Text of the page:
Developing a More Resident-Centred Care Model with Nursing Advantage Canada


All areas of healthcare are becoming more patient-centric, but the development of resident-centric care plans may be more evident in environments dedicated to long-term care (LTC). While most people engage with healthcare services for short periods, recipients of LTC may engage with the healthcare machine for the rest of their lives. Because of this, it's critical for healthcare homes to understand how to create and prioritize a holistic approach to incoming residents—especially regarding their initial screening.

Today, many LTC organizations have made significant strides towards an accessible, all-encompassing model of resident care, and UniversalCare has led the way. UniversalCare Canada Inc. was established in 2010 and is a family-owned organization. The team at UniversalCare provides operational, clinical and development consulting services to the senior living sector. We are a Canadian management company for LTC and retirement home settings, including independent living, assisted living, and memory care. We rely on an interdisciplinary team to deliver resident-centric care to clients and care for more than 2,380 residents in 30 buildings. In addition, we have 11 properties under development. 

As an organization, we take great pride in managing and working with all types of ownership groups that include hospitals, not-for-profit faith-based organizations, not-for-profit cultural organizations, not-for-profit Indigenous organizations, for profit organizations, and municipal homes. Our experience enables us to understand the current opportunities and challenges that the homes may experience, while maintaining their local identity and priorities. We are part of the home’s Interprofessional Team.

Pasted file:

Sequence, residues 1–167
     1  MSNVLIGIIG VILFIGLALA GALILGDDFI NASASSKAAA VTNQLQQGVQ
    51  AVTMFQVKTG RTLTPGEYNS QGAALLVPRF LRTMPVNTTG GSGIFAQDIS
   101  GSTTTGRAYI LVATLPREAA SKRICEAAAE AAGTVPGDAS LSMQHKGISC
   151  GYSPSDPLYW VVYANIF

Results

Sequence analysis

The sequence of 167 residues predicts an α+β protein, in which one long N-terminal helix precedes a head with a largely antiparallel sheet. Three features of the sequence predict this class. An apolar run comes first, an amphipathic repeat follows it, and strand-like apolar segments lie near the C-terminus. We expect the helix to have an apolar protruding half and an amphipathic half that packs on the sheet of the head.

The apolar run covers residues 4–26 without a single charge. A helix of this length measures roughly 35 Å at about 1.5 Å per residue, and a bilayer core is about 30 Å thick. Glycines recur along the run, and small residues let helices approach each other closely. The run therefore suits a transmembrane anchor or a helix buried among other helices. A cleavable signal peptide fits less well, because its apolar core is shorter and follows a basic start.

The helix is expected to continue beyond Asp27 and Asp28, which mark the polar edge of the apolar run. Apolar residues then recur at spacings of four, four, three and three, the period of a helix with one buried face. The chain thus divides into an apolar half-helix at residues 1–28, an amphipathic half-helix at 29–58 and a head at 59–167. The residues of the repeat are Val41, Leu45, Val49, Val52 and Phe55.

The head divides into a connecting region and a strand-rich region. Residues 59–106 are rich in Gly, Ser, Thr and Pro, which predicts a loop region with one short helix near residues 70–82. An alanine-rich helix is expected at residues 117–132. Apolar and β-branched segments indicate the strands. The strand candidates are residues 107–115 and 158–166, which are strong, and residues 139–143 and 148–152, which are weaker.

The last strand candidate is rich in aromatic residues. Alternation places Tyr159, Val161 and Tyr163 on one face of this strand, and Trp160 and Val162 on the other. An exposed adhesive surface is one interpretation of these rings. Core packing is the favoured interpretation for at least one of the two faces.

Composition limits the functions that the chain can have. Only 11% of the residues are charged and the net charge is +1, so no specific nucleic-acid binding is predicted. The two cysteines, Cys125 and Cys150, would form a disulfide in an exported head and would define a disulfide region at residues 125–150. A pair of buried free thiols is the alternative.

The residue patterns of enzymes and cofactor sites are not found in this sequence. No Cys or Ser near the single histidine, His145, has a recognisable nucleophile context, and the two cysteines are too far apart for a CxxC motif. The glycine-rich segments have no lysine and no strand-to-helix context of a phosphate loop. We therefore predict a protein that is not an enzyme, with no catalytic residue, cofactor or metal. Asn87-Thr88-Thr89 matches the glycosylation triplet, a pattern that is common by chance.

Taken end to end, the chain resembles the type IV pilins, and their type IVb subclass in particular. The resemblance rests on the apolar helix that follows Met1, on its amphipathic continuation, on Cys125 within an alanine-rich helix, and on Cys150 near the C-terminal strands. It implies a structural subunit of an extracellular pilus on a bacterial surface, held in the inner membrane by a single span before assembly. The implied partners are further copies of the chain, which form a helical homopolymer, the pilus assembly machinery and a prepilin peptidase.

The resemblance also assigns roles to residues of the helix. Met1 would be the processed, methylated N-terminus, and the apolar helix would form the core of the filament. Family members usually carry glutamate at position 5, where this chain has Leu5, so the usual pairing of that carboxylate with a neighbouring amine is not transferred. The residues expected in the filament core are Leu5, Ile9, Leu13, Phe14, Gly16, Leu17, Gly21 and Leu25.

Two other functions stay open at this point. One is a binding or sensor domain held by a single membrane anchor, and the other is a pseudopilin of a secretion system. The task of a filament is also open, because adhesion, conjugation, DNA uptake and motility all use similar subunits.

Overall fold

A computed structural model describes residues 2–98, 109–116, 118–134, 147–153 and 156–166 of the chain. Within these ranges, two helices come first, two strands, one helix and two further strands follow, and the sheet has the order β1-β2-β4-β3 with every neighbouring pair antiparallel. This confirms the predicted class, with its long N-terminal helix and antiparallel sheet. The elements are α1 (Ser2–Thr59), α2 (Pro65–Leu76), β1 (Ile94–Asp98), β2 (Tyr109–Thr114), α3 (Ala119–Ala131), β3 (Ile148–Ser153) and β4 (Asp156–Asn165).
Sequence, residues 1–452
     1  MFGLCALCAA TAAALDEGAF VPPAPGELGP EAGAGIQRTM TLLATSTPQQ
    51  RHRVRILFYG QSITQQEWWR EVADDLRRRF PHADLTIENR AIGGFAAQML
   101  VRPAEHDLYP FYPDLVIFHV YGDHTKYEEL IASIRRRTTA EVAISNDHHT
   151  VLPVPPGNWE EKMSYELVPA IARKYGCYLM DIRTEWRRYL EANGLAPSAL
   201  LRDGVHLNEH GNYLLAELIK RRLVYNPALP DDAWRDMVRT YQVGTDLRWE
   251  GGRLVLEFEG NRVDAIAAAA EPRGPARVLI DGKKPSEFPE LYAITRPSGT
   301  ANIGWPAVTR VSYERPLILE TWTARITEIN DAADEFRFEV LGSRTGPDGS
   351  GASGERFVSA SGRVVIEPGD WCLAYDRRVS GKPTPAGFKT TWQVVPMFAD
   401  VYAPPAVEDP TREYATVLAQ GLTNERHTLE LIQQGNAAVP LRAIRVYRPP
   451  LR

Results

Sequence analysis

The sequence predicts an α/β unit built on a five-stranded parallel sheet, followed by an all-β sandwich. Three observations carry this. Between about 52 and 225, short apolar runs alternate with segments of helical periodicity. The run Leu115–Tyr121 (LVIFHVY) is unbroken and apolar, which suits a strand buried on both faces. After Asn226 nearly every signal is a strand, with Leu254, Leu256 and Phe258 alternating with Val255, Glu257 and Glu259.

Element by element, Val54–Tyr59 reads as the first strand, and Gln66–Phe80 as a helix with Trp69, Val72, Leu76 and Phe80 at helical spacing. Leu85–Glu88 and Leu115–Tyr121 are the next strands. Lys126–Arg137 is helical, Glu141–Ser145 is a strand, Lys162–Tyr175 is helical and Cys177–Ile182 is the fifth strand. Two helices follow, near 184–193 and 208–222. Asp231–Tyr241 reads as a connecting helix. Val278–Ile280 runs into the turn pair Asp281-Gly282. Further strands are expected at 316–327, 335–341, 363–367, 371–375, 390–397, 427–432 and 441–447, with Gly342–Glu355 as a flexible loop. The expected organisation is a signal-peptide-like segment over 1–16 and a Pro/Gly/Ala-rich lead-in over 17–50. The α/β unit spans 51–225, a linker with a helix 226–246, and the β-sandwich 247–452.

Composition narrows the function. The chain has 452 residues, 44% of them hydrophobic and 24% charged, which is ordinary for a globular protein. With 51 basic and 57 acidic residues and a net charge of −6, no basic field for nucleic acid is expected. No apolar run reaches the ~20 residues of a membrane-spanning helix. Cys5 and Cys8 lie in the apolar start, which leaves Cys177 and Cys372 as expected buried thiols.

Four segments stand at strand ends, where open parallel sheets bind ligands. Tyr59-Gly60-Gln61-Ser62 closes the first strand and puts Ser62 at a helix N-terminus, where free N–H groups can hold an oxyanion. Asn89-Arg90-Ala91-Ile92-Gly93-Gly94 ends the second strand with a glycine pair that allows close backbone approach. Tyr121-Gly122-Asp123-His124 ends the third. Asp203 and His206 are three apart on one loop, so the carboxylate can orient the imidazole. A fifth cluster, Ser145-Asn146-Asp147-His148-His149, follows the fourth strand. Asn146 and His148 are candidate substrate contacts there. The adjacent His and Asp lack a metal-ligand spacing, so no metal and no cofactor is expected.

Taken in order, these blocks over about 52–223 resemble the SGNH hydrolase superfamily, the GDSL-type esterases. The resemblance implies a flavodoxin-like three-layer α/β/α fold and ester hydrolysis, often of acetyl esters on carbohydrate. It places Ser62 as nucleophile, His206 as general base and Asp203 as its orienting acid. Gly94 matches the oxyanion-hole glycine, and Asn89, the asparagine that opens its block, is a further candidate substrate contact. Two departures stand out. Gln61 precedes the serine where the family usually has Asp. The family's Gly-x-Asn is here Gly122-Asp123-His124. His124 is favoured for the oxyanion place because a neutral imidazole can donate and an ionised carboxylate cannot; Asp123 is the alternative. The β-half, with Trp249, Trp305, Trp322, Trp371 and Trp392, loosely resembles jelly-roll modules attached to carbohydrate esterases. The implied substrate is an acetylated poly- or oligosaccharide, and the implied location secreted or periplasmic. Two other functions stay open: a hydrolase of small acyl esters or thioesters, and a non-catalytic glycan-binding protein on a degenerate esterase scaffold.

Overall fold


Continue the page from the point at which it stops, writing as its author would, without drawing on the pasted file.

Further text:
Our pillars of success include today’s practices, residents and family needs, and staff support. UniversalCare became the first RNAO Best Practice Spotlight Organization Host in the world. 


I presently work as the Vice President of Quality and Clinical Services. My job is to ensure higher-quality resident experiences by performing annual reviews, enabling staff development, and monitoring leadership and accountability measures. 

Revitalizing Our Initial Assessment with Evidence-Based Practices

Part of my role involves looking for ways to improve configurations and implement different solutions, and one of the more recent improvements we made was to our admission assessment.

It's critical for healthcare facilities to understand how to create and prioritize a holistic approach to incoming residents—especially regarding their initial screening.

For resident admissions, our staff used to complete many different screening assessments, and many of our older screening tools, including that for fall prevention, wandering, and elopement potential, had to be completed separately. The entire process took between five and six hours to complete. There was a lot of overlapping information between the various assessments, but it was difficult for our team members to move back and forth between them. That all left room for inconsistencies to appear from one assessment to the next, reducing our data quality.